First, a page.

Naturalism is the understanding that there is a single, natural world as shown by science, and that we are completely included in it. Naturalism holds that everything we… are and do is connected to the rest of the world and derived from conditions that precede us and surround us. Each of us is an unfolding natural process, and every aspect of that process is caused, and is a cause itself. So we are fully caused creatures, and seeing just how we are caused gives us power and control, while encouraging compassion and humility. By understanding consciousness, choice, and even our highest capacities as materially based, naturalism re-enchants the physical world, allowing us to be at home in the universe. Naturalism shows our full connection to the world and others, it leads to an ethics of compassion, and it gives us far greater control over our circumstances. = Connection - Compassion - Control = Connection: Everything we are and do is completely connected to the rest of the world. Our bodies and minds are shaped in their entirety by conditions that precede us and surround us. Each of us is an unfolding, natural process, and every aspect of that process is caused, and is a cause itself. We are therefore entirely at home in the physical universe. Compassion: Seeing that we are fully caused creatures - not self-caused - we can no longer take or assign ultimate credit or blame for what we do. This leads to an ethics of compassion and understanding, both toward ourselves and others. We see that there but for circumstances go I. We would have been the homeless person in front of us, the convict, or the addict, had we been given their genetic and environmental lot in life. Control: Understanding how we are caused to behave as we do gives us increased powers of prediction and control. Instead of supposing people can simply will themselves to be otherwise, we concentrate our energies on creating the conditions which promote constructive personal and social change. The ethics of compassion is matched by a practical efficacy based in scientific knowledge. Now, here's a "trapped in the elevator" speech to give you a bit more detail: = - Introducing Naturalism - = Naturalism, in essence, is simply the idea that human beings are completely included in the natural world: there's nothing supernatural about us. Naturalism is based on science as the best, most reliable means for discovering what exists. Science shows that each and every aspect of a human being comes from and is completely connected to the natural world, and is understandable in terms of those connections. The naturalist view of ourselves is of course very different from traditional religious or supernatural understandings, and it has profound implications. We don't have souls that continue after death. Instead, we are fully physical creatures, fully caused to be who we are. We don't have free will in the sense of being able to choose or decide without being fully caused in our choices or decisions. Instead, as individuals we are part of the natural unfolding of the universe in all its amazing complexity. By understanding ourselves as fully caused, and by seeing just how we are caused (by our genetic endowment, upbringing, and social environments), we dramatically enhance our powers of prediction and control, both in our personal lives and in the larger social arena. Naturalism focuses our attention on what works, increasing self-efficacy and encouraging science-based, progressive social policies in areas such as criminal justice, social inequality, behavioral health, and the environment. Also, since we see that we aren't the ultimate originators of ourselves or our behavior, we can't take ultimate credit or blame for what we do. This reduces unwarranted self-righteousness, moral superiority, pride, shame, and guilt. And since we see others as fully caused - for instance substance abusers, criminal offenders, the destitute and homeless - we become less blaming, less punitive and more compassionate and understanding. People don't create themselves, so responsibility for their character and behavior isn't ultimately theirs, but is distributed over the many factors that created them. And after all, were we given their environmental and genetic conditions, we would have become what they are, and acted just as they did: there but for circumstances go I. This insight provides the basis for a naturalistic ethics of empathy and compassion that guides personal behavior and grounds effective social policy. As mentioned above, naturalism is premised on taking science as our way of knowing about the world, not tradition, intuition, sacred texts or pronouncements. By illuminating the causal connections between phenomena, science inevitably unifies what it discovers into a single, natural, multifaceted whole. If we take science seriously with regard to ourselves and our behavior, we are led to the conclusion that human beings are fully included in the natural world, and that we are completely physical creatures. More and more, biology and neuroscience show that the brain and body do everything that the soul was supposed to do. Even consciousness and our higher level capacities for rationality and choice are fully embodied, causal processes. Some might conclude from this that naturalism reduces human beings to mere mechanisms, mere automatons, but this doesn't follow. What follows is that the physical universe has produced, in us, marvelously complex and adaptive organisms, with the capacity for self-reflection, wonder, suffering, and joy. Far from mechanizing humanity, naturalism re-enchants the physical world by showing how consciousness and choice don't involve supernatural processes. They are natural processes, understandable by science. Amazingly enough, physical existence produces all these intricate phenomena quite nicely on its own. By acknowledging our origins in evolution, the naturalist perspective also enhances our feeling of kinship with the other species with which we share this planet, and our desire to sustain and nurture the planet itself. All sentient beings, including humanity, owe their existence to conditions that extend far beyond us in space and time. Seeing this, we find ourselves completely at home in the universe, full-fledged participants in the unfolding natural order.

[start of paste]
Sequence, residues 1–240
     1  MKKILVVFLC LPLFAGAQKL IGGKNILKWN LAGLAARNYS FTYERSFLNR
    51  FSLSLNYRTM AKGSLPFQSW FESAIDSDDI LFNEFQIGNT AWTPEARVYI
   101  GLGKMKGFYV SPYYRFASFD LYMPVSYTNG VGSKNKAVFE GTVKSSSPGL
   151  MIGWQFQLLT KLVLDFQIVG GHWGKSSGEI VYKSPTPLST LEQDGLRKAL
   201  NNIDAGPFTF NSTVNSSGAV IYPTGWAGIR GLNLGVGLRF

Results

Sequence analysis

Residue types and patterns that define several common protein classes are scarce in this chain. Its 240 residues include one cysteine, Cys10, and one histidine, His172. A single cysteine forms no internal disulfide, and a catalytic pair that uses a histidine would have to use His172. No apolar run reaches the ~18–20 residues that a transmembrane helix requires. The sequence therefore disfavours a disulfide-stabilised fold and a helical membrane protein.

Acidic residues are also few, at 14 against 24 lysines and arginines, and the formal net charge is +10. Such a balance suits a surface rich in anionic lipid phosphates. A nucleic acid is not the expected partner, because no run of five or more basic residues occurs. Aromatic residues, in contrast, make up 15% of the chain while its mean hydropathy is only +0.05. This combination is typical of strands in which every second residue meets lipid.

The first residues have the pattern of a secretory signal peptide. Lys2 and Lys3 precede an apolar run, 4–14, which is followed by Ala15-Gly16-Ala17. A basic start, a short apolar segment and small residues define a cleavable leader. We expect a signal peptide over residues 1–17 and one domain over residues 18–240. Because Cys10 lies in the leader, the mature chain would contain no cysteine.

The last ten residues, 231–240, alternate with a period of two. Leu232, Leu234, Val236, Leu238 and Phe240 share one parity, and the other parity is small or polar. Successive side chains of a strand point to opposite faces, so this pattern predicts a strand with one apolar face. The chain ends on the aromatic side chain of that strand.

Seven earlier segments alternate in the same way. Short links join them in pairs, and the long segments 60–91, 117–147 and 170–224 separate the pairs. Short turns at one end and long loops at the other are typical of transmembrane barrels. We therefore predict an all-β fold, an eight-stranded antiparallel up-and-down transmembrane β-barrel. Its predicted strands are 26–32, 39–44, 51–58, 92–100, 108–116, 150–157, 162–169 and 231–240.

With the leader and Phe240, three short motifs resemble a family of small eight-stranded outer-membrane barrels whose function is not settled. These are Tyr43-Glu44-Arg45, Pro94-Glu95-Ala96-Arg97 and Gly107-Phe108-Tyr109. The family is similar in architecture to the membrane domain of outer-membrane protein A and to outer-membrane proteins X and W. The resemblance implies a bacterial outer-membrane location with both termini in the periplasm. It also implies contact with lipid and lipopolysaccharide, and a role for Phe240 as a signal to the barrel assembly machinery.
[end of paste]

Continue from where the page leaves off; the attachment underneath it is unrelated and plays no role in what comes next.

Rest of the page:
that's the way it was, that's the way it is, and that's the way it will be. Nothing you can do will change it
Sir Isaac Newton contributed in the nature of light.
Natural means normal, and how it was first genetized at the beginning.
The process by which a foreign national applies for and obtains U.S. citizenship. Only legal permanent residents may apply to naturalize, and generally only after they h…ave held their "green card" for five years (spouses of U.S. citizens may apply earlier.) Source: immigrationequality.org
The nature of light depends upon how you are observing it. Light has what is known as wave-particle duality. That is to say, it shows both the characteristics of a wave …(for more information look up the Young's slits experiment on google), and of a particle or "packet" of light known as a photon. So the nature of light is either a particle or a wave, but it depends on the method which you use to observe the light. Which begs the unanswerable question: What is light when you aren't observing it :-)
Fire Sun Fireflies Candle Oil Lamp Star
illuminated, glowing, reflecting.
The sun is an example of natural source of light. Thanks for asking.
a source that gives out light and is natural such as the sun..
they are transverse waves, they can travel through a vacuum,